Spain No More? the Zapatero Administration and Declining Spanish Identity

By Ho, Norman | Harvard International Review, Fall 2005 | Go to article overview

Spain No More? the Zapatero Administration and Declining Spanish Identity


Ho, Norman, Harvard International Review


In its tumultuous and unpredictable history, Spain has experienced Muslim rule, Christian reconquest and unification, global military and economic superpower status, brutal Napoleonic occupation, civil war, fascist dictatorship, parliamentary democracy, domestic separatist movements, radical Islamist terrorism, and now socialist leadership. Spain's version of September 11 occurred on March 11, 2004, when Al Qaeda operatives bombed commuter trains in Madrid, killing over 200 and wounding more than 1600 people. Three days later, Spaniards flocked to the polls for their parliamentary elections, voting out Jose Maria Aznar of the center-right Popular Party (PP) and giving a surprising victory to Jose Luis Rodriguez Zapatero of the Spanish Socialist Workers Party (PSOE).

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Since his dramatic election, Zapatero has sought to establish his vision of a "New Spain" on the Iberian peninsula. He has reversed many of the policies of his predecessor, some in just five short months after election, most notably his decision to withdraw Spanish troops from Iraq. He has designed and implemented a radically different foreign policy, favoring the bastions of Old Europe, France and Germany, over the United States. He recently approved arms sales to the authoritarian regime of Hugo Chavez in Venezuela, despite opposition from the Popular Party and numerous nations around the world.

These diplomatic changes were followed by a true revolution in domestic policies. Zapatero has introduced broad social and cultural reforms, including a bill that legalizes gay marriage and adoption of children, which passed the Congress of Deputies in June 2005. He has proposed a new "fast-track divorce" system which slashes the time it takes to complete the legal process from two years to just ten days. He has also reduced funding and support for the Catholic Church. And, he has recently opened the door for thousands of illegal immigrants in Spain, granting amnesty to an estimated 800,000 illicit migrants.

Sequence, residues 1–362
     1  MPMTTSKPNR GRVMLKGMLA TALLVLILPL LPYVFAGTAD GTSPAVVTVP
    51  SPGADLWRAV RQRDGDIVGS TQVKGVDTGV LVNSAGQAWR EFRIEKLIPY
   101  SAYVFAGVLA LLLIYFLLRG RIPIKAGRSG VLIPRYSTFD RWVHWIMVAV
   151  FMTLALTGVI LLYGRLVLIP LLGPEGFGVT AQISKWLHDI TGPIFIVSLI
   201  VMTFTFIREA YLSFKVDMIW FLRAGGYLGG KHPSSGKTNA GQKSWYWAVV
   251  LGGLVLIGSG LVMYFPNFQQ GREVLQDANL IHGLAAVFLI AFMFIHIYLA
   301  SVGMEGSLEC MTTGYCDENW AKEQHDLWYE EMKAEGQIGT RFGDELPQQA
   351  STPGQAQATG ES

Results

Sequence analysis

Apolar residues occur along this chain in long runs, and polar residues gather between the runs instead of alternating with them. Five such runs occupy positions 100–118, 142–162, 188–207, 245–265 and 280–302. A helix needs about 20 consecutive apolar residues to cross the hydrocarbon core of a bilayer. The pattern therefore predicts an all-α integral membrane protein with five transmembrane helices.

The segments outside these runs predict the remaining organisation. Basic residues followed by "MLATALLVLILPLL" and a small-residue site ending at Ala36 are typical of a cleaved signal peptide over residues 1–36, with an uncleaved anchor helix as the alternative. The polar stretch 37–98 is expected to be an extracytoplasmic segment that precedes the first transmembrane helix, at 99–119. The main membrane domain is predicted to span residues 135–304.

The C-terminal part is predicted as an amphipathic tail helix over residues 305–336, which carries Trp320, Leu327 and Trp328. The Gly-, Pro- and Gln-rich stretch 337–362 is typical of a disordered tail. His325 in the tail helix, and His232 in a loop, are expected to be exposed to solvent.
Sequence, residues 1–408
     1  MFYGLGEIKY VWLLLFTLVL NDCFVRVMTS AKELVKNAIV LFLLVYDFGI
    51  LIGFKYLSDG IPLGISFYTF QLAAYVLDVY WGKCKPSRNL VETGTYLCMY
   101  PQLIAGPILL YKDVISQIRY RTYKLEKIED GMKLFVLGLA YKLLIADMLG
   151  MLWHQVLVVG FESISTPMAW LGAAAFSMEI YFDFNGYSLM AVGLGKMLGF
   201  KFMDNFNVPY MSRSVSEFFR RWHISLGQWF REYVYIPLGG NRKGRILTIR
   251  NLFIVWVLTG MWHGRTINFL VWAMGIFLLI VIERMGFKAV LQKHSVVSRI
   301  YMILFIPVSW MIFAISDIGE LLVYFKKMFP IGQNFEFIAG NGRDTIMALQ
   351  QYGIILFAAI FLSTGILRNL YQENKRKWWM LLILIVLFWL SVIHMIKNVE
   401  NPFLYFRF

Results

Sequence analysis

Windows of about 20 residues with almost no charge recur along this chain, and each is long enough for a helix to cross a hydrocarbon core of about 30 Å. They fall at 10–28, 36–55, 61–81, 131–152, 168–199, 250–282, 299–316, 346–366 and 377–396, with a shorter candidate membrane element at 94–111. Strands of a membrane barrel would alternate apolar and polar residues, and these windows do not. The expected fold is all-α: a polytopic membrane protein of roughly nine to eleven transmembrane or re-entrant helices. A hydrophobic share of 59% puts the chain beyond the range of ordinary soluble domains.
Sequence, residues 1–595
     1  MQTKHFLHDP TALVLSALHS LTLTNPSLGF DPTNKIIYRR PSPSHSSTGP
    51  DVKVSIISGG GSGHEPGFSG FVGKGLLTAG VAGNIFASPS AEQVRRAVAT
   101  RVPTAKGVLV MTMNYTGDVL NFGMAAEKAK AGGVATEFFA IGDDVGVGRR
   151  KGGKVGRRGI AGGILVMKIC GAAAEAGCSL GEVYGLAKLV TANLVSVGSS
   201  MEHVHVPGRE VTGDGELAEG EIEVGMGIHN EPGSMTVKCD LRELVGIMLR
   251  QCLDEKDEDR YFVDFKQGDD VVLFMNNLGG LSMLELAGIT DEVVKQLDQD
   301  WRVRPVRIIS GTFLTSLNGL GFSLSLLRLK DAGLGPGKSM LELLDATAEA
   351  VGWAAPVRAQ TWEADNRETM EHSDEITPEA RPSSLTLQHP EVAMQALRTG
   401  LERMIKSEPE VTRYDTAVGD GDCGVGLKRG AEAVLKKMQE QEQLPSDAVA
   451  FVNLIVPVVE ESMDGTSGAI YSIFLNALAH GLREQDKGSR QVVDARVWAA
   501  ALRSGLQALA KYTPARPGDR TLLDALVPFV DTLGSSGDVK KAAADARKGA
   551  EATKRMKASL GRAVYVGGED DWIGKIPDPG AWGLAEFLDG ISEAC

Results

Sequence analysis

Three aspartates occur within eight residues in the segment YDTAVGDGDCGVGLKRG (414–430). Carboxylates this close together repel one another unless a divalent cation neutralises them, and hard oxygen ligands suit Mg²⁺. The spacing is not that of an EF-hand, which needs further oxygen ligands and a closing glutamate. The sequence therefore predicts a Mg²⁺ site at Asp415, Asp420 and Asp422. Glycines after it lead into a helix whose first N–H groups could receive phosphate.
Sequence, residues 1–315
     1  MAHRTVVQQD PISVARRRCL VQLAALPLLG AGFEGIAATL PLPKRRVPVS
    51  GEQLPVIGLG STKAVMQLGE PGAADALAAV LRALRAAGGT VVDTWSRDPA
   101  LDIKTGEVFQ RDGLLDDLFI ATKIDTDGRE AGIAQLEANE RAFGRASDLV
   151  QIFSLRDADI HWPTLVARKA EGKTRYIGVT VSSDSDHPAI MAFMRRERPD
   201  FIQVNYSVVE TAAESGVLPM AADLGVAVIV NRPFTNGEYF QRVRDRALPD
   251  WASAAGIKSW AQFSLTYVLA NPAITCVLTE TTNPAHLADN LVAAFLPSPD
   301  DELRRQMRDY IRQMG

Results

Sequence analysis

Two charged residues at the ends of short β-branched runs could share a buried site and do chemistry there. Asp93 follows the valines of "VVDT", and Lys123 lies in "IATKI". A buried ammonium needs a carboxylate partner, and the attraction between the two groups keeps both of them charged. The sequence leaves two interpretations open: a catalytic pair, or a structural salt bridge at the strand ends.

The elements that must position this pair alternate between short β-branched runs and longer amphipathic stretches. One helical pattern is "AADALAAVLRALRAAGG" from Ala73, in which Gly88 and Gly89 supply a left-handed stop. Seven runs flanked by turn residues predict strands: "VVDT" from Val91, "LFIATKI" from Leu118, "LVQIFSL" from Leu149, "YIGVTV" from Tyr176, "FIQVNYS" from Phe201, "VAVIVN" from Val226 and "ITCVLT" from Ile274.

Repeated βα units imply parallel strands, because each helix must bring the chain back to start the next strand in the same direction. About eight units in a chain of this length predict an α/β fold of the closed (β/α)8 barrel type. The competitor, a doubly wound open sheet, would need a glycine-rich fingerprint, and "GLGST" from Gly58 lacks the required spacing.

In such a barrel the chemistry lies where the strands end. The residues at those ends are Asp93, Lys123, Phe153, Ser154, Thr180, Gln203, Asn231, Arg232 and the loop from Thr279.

There can be no question that Zapatero's reforms are bold, dynamic, and dramatically new. But whether or not they are ultimately beneficial for Spain's national interest and world security is another question. For a nation that has been marked by historical disunity and uncertainty, Zapatero's domestic reforms dangerously strip away the layers of Spanish society. In his attempts to create a "New Spain" and bring Spain quickly in line with other European nations, Zapatero is sacrificing Spanish national identity and showing that he simply does not understand the distinctiveness of Spain's unique domestic and security needs. Most significantly, Zapatero ultimately fails to grasp the realities of new, global terrorism. His appeasement policy of the removal of Spanish troops from Iraq represented a victory for Al Qaeda and not only weakened Spanish national security, but the security of every democratic nation in the world.

The 43-year old Socialist leader is widely seen by Spaniards as handsome, affable, and sophisticated--but his handling of many issues has hardly been elegant. Zapatero must slow down his dramatic reforms and his construction of a "New Spain" and consider what is best for Spanish national interests and national identity. National identity in any country is strongly based on historical experience--Zapatero, however, seems intent on erasing Spain's past.

A Retreat from Battle: Spanish Appeasement

At an October 2003 Columbus Day military parade, Zapatero refused to stand as the US flag passed. "It's not my flag," Zapatero reportedly declared. It should be no surprise, then, that with Zapatero's election, the United States lost Madrid's support in the effort to rebuild Iraq. Zapatero immediately recalled Spain's 1,300-soldier contribution to the reconstruction effort, despite his earlier expressed plan to withdraw troops around June 30, 2004.

The risks of this decision continue to be immense. …

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